I’m excited to share this strategy because it is super effective despite the fact that it seems WAY too simple to work. In fact, I was extremely skeptical as I read about it repeatedly over the last year. I have tried it here and there with mixed results but recently learned how to do it slightly different and it changed EVERYTHING.
It’s something that you can use at any time. You can use it during the happy, fun moments. Use it to stop whining and complaining. Use it in the middle of a temper tantrum. It works. It’s amazing. And it’s really easy.
What is it?
Wait! Before you roll your eyes and X out of this window, hear me out. I had the exact same reaction as you. When I first read this I felt tricked. Instead of the sure-fire tactic I was promised I was given some touchy-feely BS. What do you want me to do, tackle my toddler mid-tantrum and hug her as she thrashes about?
The short answer is no, no tackling. But yes, touchy-feely BS sometimes works, and here’s why.
5 Reasons Why Hugs can Help
1. Hugging causes our muscles to relax. Have you ever entered a hug tense only to melt after a moment or two? It’s an awesome antidote for tension.
2. It establishes connection. It allows for an exchange across the bio-energic field generated by the heart (aka your hearts connect). This increases empathy and understanding which brings down our defenses. Connection is always the first step in solving any issue.
3. It builds trust. Physical contact produces oxytocin, a neurochemical that builds trust and makes you feel safe. This is essential if you want to get to the root of your child’s meltdown – they have to trust you to help them, that you’re not going to shrug off their feelings.
4. A hug improves your mood. It increases serotonin which regulates your mood and contributes to well-being and happiness. If you and your child are feeling better then you’re going to think clearly rather than react.
5. Hugging alleviates stress. It reduces the levels of cortisol, which enables the person to calm down. Let’s face it, it’s easy to get worked up when our child is losing it. A hug can help both the child and parent to calm down.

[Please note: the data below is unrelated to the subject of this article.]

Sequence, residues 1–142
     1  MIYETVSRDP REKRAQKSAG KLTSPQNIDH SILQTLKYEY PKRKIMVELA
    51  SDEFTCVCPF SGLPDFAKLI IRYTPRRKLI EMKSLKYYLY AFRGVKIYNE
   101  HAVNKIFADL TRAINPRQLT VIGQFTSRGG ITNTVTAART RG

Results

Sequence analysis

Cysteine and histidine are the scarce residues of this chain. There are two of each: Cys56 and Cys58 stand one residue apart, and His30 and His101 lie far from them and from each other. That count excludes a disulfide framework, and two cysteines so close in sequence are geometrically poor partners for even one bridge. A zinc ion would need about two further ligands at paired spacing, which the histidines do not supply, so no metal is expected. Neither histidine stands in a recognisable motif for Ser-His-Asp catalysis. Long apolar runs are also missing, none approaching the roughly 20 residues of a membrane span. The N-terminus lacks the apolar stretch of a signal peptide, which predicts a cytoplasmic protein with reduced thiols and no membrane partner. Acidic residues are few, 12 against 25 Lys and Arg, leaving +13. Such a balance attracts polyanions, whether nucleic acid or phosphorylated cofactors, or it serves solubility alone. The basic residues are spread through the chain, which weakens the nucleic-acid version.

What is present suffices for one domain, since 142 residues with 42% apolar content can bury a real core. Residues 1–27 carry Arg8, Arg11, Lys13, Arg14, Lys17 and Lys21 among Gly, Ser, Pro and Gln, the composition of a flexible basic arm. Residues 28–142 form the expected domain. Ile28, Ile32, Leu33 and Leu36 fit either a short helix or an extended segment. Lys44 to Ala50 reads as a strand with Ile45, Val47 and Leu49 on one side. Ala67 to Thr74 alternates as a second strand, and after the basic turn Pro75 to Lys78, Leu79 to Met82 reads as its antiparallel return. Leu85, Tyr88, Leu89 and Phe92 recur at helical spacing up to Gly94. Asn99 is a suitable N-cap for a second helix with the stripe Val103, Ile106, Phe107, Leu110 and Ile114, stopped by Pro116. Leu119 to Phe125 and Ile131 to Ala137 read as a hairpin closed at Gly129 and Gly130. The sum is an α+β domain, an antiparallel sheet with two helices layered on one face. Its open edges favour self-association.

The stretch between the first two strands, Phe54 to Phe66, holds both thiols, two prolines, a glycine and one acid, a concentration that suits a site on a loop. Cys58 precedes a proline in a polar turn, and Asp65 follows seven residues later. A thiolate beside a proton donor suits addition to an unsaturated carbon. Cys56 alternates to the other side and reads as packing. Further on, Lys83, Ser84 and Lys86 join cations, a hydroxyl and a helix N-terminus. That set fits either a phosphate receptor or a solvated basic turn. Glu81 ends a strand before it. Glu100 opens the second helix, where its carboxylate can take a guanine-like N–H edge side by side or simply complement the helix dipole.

Remember, children do better when they feel better and so do adults. Taking a pause for a hug can reverse a power struggle or meltdown. It can help your child relax enough not to go into full tantrum mode and a hug can help keep you level-headed enough to deal with the situation and not lose your cool.
How to Apply the “Hug” when Dealing with a Meltdown
In the past, as I’ve see my preschooler unraveling, whining, getting upset, raising her voice, getting agitated, and otherwise headed on the path to full tantrum (or sometimes in full tantrum) I have said something like “You look like you need a hug. Would you like a hug?” Admittedly, I’ve had mixed results. Sometimes she wants a hug and sometimes she refuses.
After reading examples that told me to hug them mid-tantrum I actually tried it. Picture me diving in and grabbing hold of her while she thrashes about. As much as I attempted a compassionate hug, this felt like a wrestling match as I was trying to restrain her. Not good. I REALLY don’t recommend this.
Recently I learned how to approach the hug from a different angle. Rather than telling her that she looks like she needs a hug, which can be met with resistance, I tell her I need a hug. If the tantrum is about a power struggle then telling her she needs a hug can further escalate the power struggle as she insists she doesn’t need it. However, she can’t argue with the fact that I need a hug.
So I tell her I need a hug and ask her to give me one. “I need a hug.” If she refuses, I repeat.
If she refuses again, I’ll repeat “I need a hug” and I’ll ask her to come find me when she’s ready. Then I leave the room.
I have put this into practice several times and have been shocked at how well it works. Like after 30 seconds it was all over and we were happy again. I sat there stunned. Did that just happen?
By asking for the hug instead of telling, it plays to the child’s innate desire to contribute and help which makes them feel valued and respected. They want to help, so asking them for a hug makes them want to give it to you to help you.
Even if your child is not yet ready to give you a hug, they know you’re waiting. You are calmly waiting in another room to give them some love. Not scolding. Not yelling. Love. It takes the power out of their meltdown and let’s you reconnect with them immediately after it’s finished.
Once you are hugging, all the magic physiological responses kick in, which diffuses the mood and helps the two of you connect.
Sometimes that’s all that’s needed to move on. Other times, you can talk about what happened or come up with a solution together now that you’ve both settled down and are thinking clearly.
Although simple and easy to disregard, a hug can be your new best friend. Give it a try and let me know how it works.
Collective Evolution. 11 Benefits of Hugging – Backed by Chemistry. Retrieved at http://www.collective-evolution.com/2015/12/03/the-chemistry-of-hugging-11-benefits-of-hugging/
Serotonin: Facts, What does Serotonin Do? Medical News Today. Retrieved at http://www.medicalnewstoday.com/kc/serotonin-facts-232248
The Undeniable Power of a Simple Hug. Physiology Today. Retrieved at https://www.psychologytoday.com/blog/lifetime-connections/201606/the-undeniable-power-simple-hug